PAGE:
HomeNewsHow Egypt is breaking into EU with mango and guava exports. Shipments triple over past 5 years

How Egypt is breaking into EU with mango and guava exports. Shipments triple over past 5 years

This year, Egyptian mango and guava exporters are expected to boost their presence in the EU market, according to EastFruit. The data for the first nine months of 2023 show that the EU imported more Egyptian mango and guava than in the whole of 2022, and the volume of shipments from Egypt in this direction will have at least tripled since 2018.

From January to September 2023, nearly 1,500 tons of mango and guava were imported from Egypt to the EU. This is already a record-breaking amount, as the figure for 2022 was just over 1,300 tons. Considering that the peak export season for this product lasts until the end of November, the final outcome for this year will be even more impressive.


Interestingly, Spain is still the leader in importing Egyptian mango and guava in 2023, even though it hardly imported any of this product before. This year, the volume of supplies from Egypt to the Spanish market has already reached about 300 tons. Other key EU importers include Italy, Germany, France, the Netherlands, and Greece, which together with Spain account for about 94% of the EU’s imports of mango and guava from Egypt in January-September 2023.


“The bulk of exports in this category from Egypt consists of fresh mango, which has a season that starts in summer and ends in late autumn or early winter. Fresh guava is exported in much smaller quantities, generating 5-7 times less revenue for Egypt annually than mango exports. However, the Egyptian guava export season is longer: it starts at the end of summer and lasts throughout the autumn and winter, ending in the spring of the following year. The country also exports dried mango and guava, but the annual exports of these sub-categories to all markets do not exceed $1 million,” comments Yevhen Kuzin, Fruit & Vegetable Market Analyst at EastFruit.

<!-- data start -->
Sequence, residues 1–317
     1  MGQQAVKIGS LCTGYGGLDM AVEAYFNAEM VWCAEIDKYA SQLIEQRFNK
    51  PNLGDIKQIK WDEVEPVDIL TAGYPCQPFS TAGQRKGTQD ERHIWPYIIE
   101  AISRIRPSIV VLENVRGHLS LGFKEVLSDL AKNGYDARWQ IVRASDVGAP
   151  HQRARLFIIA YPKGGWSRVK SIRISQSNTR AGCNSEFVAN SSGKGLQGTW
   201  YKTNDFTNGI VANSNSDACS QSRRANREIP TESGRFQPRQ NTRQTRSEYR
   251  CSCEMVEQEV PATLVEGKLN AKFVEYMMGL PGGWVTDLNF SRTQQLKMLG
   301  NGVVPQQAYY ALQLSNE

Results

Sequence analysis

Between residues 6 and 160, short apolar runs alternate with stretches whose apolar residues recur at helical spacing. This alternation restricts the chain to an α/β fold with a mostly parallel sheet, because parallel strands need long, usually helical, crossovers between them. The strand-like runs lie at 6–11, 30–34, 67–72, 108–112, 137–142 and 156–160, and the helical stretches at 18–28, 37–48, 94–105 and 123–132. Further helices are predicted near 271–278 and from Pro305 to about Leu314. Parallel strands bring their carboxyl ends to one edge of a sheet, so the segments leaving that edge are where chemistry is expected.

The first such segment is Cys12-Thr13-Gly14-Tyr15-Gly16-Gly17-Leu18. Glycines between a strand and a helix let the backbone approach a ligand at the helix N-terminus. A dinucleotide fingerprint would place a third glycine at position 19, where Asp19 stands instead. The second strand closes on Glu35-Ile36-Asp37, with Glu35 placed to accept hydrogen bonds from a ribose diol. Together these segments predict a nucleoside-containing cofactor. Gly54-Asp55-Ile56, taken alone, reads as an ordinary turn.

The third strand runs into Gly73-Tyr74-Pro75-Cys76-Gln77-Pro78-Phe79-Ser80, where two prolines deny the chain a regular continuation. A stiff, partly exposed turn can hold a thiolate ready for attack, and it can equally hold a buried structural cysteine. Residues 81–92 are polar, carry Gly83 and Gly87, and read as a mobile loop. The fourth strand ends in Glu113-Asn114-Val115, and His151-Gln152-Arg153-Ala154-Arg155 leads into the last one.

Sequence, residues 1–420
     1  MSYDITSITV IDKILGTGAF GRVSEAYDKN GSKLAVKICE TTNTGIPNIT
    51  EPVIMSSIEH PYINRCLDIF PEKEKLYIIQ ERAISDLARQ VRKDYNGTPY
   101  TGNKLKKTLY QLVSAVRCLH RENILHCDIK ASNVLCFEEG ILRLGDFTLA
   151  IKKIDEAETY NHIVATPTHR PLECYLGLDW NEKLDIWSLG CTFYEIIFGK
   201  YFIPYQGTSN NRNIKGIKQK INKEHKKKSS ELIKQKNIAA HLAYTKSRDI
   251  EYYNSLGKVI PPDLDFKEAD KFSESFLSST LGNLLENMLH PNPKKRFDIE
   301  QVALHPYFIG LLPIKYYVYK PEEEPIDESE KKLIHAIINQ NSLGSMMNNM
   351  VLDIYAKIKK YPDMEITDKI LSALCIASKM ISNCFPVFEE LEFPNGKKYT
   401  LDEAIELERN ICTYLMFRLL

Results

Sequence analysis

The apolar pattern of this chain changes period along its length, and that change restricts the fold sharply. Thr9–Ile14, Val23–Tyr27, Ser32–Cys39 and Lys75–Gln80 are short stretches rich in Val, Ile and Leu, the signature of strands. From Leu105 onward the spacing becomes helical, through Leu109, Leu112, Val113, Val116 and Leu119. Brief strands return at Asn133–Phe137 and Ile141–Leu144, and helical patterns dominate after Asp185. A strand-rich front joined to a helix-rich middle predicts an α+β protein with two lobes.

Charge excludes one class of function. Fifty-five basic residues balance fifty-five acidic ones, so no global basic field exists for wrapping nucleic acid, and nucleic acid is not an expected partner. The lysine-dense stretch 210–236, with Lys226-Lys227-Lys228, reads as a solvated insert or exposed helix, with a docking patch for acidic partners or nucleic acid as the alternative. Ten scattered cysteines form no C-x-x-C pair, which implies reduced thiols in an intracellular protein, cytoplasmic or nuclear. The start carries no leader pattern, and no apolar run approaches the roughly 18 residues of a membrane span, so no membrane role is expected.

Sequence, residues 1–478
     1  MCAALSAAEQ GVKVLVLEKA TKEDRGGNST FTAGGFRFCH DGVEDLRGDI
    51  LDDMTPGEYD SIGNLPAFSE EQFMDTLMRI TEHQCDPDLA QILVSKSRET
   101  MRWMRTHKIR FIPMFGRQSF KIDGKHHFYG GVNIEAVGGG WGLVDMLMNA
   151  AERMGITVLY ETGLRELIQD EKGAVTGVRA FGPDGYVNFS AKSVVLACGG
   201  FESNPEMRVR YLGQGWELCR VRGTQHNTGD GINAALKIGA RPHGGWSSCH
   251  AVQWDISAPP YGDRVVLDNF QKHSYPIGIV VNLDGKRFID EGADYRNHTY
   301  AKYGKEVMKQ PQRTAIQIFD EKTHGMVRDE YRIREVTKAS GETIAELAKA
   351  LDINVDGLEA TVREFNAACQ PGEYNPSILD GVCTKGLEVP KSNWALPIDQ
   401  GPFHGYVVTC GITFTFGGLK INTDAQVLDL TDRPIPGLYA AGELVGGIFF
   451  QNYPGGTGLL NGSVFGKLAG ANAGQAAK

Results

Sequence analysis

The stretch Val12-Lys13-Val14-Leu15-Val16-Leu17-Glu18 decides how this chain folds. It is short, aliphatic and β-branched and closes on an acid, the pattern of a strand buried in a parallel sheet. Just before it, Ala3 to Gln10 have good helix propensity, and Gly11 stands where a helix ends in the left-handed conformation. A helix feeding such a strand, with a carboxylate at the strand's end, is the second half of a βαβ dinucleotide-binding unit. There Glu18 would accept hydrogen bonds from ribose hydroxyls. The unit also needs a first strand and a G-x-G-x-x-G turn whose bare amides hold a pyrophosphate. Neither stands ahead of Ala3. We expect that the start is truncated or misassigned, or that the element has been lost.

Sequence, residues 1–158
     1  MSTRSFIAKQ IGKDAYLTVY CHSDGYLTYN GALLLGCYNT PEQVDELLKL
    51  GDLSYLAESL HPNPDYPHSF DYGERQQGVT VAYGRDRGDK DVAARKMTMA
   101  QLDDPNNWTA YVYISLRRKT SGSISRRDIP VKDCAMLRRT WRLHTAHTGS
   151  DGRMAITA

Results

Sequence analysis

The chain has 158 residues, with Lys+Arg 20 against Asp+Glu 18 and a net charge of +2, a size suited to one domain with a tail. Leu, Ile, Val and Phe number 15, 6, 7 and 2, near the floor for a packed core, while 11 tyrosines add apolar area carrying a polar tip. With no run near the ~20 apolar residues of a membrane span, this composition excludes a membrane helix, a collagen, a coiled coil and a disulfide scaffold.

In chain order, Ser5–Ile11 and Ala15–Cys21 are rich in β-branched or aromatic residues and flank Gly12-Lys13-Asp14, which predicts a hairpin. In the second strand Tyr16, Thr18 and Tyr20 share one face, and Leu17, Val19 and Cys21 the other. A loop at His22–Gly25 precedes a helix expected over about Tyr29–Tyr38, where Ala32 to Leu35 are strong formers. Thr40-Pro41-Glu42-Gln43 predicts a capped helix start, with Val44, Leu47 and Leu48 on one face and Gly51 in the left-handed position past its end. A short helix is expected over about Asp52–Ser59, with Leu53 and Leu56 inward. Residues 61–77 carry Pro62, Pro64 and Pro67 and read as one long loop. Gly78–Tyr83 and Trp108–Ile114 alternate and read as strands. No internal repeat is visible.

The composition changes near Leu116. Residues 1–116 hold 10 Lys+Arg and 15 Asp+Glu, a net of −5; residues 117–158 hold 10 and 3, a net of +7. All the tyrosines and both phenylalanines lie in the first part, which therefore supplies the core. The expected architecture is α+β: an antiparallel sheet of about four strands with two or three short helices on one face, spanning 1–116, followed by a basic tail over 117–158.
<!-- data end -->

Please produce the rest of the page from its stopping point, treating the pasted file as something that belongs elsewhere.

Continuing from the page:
The EU countries are one of the largest markets for mango and guava in the world. In 2021, they imported 409 thousand tons of these products from countries outside the EU, but then the figure dropped slightly to 390 thousand tons due to food inflation and rising logistics costs. This year, imports have resumed their growth, and the volume for January-September (308 thousand tons) has already surpassed the previous year’s result for the same period.


 The most attractive markets for mango and guava in the EU are the Netherlands, Spain, Belgium, France, Portugal, and Germany. It is worth noting that the Netherlands mainly re-exports mangoes and guavas to other EU countries: in 2022, with imports of 280 thousand tons, their exports amounted to 220 thousand tons. Other EU representatives also have a fairly high share of re-export, but each market has its own specifics.


For instance, Spain is a large producer of mangoes in Europe and imports them both to expand its own export and for domestic consumption. Belgium, like the Netherlands, is mainly a re-exporter, France imports mangoes and guavas mainly from the Netherlands and Spain, and Portugal focuses on deliveries from Spain, Brazil, and the Netherlands. Portugal also has one of the highest per capita consumption rates of mangoes: it is two and a half times as high as, for example, in Germany. Germany, by the way, prefers to import mangoes and guavas indirectly, through the Netherlands or Spain.


Read also: From Nile to Iberian shores: Egypt’s unprecedented orange export boom to Spain


Brazil and Peru are the main suppliers of mango and guava to the EU market, accounting for up to 75% of the total imports every year. Other sizable exporters are located in Sub-Saharan Africa (Côte d’Ivoire, Senegal, Burkina Faso, Mali, etc.), North America and the Caribbean (Dominican Republic, USA, Mexico, etc.), as well as various regions of Asia (Israel, Pakistan, India, etc.). Egypt has not yet become a major player in the EU market, but in 2022, it exported more mango and guava than, for example, India, Kenya, or Bangladesh.


“Egypt has a low presence in the EU mango market, as local exporters still favor working with buyers from Russia and the Middle East. However, their shipments to the EU are increasing, and in 2023 they achieved a significant breakthrough with a record volume of exports. A promising opportunity for Egyptian suppliers, who aim for the developed markets, could be the local varieties of mango, which are hardly exported from Egypt and are unfamiliar outside its borders. They have a distinctive sweet taste and aroma, which could be a novelty for the EU consumers. However, these varieties of mango are not suitable for long-term storage and transportation, so another big challenge for Egypt will be to arrange the logistics of flying these mangoes by plane,” summarizes Yevhen Kuzin.


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